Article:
Study Guides (380,000)
CA (150,000)
U of C (1,000)
SOCI (100)
A L L (1)

SOCI 325 - Ultimate Course Notes (covers whole semester)


Department
Sociology
Course Code
SOCI 325
Professor
A L L

This preview shows pages 1-3. to view the full 109 pages of the document.
09/24/2013
DEFINING DEVIANCE AND CRIME
Society prepares the crime, the criminal commits it Henry Thomas Buckle
Deviance is a social construction (not real or set in stone something that is made by
people and is changeable)
Historically, most criminologists have defined crime as “behaviour in violation of law”
our modern understanding of law is based on classical theory it suggests that laws
should be established when social harm occurs
THE CONCEPT OF CRIME
Samesex rights in Canada in Canada, marital rights were extended to gays and
lesbians in 2005. In Iran, those convicted of homosexual acts are lashed or even
executed definitions of deviance and crime vary across social space laws in
Canada today are not the same as different countries
THE CONCEPT OF CRIME II
Canada’s criminal laws have changed dramatically since the 1960’s we can conclude
that definitions of crime and deviance change dramatically even in the same
space over time
homosexuality used to be considered a mental illness in the DSM homosexuality
became a selfdestructive behaviour
DSM books getting bigger possibly due to more social control
CRIME
Gottredson and Hirschi (1990) define crime as the use of force and fraud
Downes and Rock (2003) intentionally avoid a precise definition. They do refer to
banned or controlled behaviour which is likely to attract punishment and
disapproval ^very different definitions (variety in definitions)^
DEVIANCE
Many authors maintain that sociologists need to look beyond the state’s definition of
crime and consider deviance might restrict what we use in our analysis and if we are
too narrow in what we study then we will have flawed theories

Only pages 1-3 are available for preview. Some parts have been intentionally blurred.

Becker (1963) suggests that deviance has nothing to do with the quality of behaviour, it
is merely a label successfully attached to another criminals/deviants thus could be
victims of a society that likes to label others as bad in some way
Pfohl (1996) and many others suggest that deviance is a violation of a social
norm. It is apparent that a social norm has been broken because there is a
reaction to behaviour in question. This is true for hidden behaviour that would
elicit a controlling reaction from others if they were aware of the behaviour
Possible midterm question Can secretive behaviour be considered deviant?
True!
IDENTIFYING DEVIANCE
Think about what you consider to be
deviant What is deviant?
Who is deviant?
How do you know this?
Not about what people do but who is doing it alcohol (dangerous) is legal as to weed
(not as dangerous) being illegal
POSITIVISTS
(there do exists norms in society for good reason and that there is something real about
deviance and crime and because it’s real we can measure it in an objective way. We
can come up with causal explanation for what people do) GOTTFREDSON AND
HIRSCHI
Absolutism (intrinsically real)
Objectivism (observable)
Determinism (casual explanation)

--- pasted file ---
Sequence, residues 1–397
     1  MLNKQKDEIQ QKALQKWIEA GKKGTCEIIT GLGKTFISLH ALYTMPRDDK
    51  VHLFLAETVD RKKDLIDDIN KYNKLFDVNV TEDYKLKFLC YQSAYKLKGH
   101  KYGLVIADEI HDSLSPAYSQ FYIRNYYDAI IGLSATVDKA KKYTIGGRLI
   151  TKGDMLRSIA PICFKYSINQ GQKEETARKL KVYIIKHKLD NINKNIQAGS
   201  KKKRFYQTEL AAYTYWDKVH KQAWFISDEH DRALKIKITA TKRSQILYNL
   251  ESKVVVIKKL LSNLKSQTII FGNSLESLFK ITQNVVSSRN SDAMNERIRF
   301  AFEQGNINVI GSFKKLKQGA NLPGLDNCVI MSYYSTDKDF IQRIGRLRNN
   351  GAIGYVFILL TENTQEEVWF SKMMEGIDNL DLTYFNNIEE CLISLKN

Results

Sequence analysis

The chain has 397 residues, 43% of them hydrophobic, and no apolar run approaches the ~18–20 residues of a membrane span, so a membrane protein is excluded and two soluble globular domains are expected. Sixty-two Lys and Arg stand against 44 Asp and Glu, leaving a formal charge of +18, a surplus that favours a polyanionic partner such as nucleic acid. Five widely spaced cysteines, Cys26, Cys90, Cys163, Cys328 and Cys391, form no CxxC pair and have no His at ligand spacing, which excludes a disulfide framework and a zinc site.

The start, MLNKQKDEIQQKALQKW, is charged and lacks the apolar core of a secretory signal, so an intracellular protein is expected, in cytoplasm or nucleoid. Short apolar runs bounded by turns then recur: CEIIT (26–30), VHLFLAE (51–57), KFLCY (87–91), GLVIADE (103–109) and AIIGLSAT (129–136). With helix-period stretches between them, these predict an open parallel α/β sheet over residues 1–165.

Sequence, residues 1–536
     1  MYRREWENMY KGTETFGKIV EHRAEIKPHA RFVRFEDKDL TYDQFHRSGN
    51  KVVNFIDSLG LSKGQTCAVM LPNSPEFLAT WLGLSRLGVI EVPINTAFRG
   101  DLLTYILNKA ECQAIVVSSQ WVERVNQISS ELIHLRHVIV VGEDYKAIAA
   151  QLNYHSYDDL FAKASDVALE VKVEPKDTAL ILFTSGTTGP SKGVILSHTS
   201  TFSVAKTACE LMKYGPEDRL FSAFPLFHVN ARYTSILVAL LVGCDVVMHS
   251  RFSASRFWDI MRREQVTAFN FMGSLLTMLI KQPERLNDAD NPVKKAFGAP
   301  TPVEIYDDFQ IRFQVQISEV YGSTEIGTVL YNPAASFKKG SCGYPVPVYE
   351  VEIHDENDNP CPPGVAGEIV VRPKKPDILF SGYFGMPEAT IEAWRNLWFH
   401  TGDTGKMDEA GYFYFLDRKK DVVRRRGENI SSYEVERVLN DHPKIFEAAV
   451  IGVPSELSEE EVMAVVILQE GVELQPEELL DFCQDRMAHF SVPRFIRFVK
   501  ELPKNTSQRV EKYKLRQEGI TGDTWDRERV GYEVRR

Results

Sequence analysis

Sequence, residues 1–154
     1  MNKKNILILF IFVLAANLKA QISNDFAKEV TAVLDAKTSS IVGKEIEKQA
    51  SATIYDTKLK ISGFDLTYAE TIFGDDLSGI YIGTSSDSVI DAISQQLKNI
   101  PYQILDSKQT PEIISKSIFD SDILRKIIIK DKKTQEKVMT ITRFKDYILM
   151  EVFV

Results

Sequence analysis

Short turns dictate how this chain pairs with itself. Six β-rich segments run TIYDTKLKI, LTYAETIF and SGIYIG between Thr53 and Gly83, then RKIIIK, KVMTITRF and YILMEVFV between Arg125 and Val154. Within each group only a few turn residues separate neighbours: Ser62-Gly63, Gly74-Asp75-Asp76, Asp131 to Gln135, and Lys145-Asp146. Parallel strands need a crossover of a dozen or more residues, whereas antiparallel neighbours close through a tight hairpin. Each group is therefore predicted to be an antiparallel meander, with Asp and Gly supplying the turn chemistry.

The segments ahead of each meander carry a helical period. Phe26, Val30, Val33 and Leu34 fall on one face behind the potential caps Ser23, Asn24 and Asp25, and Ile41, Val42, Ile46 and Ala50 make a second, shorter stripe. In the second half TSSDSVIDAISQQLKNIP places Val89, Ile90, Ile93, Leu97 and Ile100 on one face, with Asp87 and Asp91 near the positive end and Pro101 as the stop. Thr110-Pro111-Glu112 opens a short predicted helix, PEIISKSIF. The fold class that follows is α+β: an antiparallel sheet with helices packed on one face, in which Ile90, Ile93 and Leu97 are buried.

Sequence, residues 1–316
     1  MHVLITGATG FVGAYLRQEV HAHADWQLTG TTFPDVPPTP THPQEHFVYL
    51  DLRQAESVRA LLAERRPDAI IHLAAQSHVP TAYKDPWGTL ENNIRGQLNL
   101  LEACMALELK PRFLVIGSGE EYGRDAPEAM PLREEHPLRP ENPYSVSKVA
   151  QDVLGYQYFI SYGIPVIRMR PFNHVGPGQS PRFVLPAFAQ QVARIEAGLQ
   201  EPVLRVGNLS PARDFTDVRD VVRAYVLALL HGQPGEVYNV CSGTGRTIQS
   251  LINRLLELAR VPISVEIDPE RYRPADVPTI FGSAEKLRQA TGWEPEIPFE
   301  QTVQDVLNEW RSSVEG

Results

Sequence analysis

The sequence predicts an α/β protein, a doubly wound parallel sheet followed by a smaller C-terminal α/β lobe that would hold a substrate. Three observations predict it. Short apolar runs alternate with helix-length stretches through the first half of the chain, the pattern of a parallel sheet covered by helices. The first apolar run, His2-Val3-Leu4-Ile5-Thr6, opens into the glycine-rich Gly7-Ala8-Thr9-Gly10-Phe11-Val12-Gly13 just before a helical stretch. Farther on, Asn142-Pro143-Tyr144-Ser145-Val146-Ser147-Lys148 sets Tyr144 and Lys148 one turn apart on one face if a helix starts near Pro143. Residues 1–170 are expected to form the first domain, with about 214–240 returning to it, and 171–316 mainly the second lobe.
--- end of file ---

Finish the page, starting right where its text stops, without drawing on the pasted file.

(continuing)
CONSTRUCTIONISTS
(think that rules are made by people and that they can change as a result of human
enterprise. Tend to believe crime and deviance are labelled. Conjured up by society and
who is controlled by society. Criminal justice system has huge impact) HOWARD
BECKER
Relativism (a label)
Subjectivism (a personal experience (in the eyes of the beholder))

Only pages 1-3 are available for preview. Some parts have been intentionally blurred.

Voluntarism (free will (free exercise in the human will: a robber/murderer may have free
will while another does not due to for example mental illness)
CRIME AND DEVIANCE
Conformity adherence to norms obedient
Nonconformity normative violation without reaction sociologists believe everyone
engage in nonconformity at one point in life
Deviance normative violation with a controlling mechanism when society tries to
change and modify ones behaviour, that behaviour is considered deviant
avoiding detection
Crime violation of codified law (not all crimes are deviant (speeding on Crowchild) and
not all deviance is criminal (transforming yourself into looking like a lion))
We can think of a continuum of nonconformity and deviance if the reaction to non-
conformity is stronger than chances are it’s closer to a deviant behaviour
DEVIANT? CRIMINAL? NONCONFORMIST? CONFORMIST?
Eating a big stake, potatoes, and zucchini for breakfast nonconformity
Providing sex in exchange for money criminal (laws in Canada are changing about
prostitutions and it
should be pointing out that anything attached to prostitution is considered a crime)
A 21 year old male having sex with a 17 year old male criminal
Watching pornography? depends (age of the people (both in and watching))
A female with a natural moustache deviant ( when society tries to change and
modify ones behaviour, that behaviour is considered deviant)
Scarification nonconformist
WHY STUDY CRIME AND DEVIANCE
Vicarious experience (exciting)
Reform (induce positive change)
Selfprotection and sophistication (street sense)
Intellectual curiosity
CONCLUSION
Although criminologists generally agree that crime and deviance are real, there is much
disagreement as to how specific behaviour should be categorized
Blackshaw and Crabbe (2004) go so far as to maintain that there is no such thing as
deviance anymore (synopticism)
You're Reading a Preview

Unlock to view full version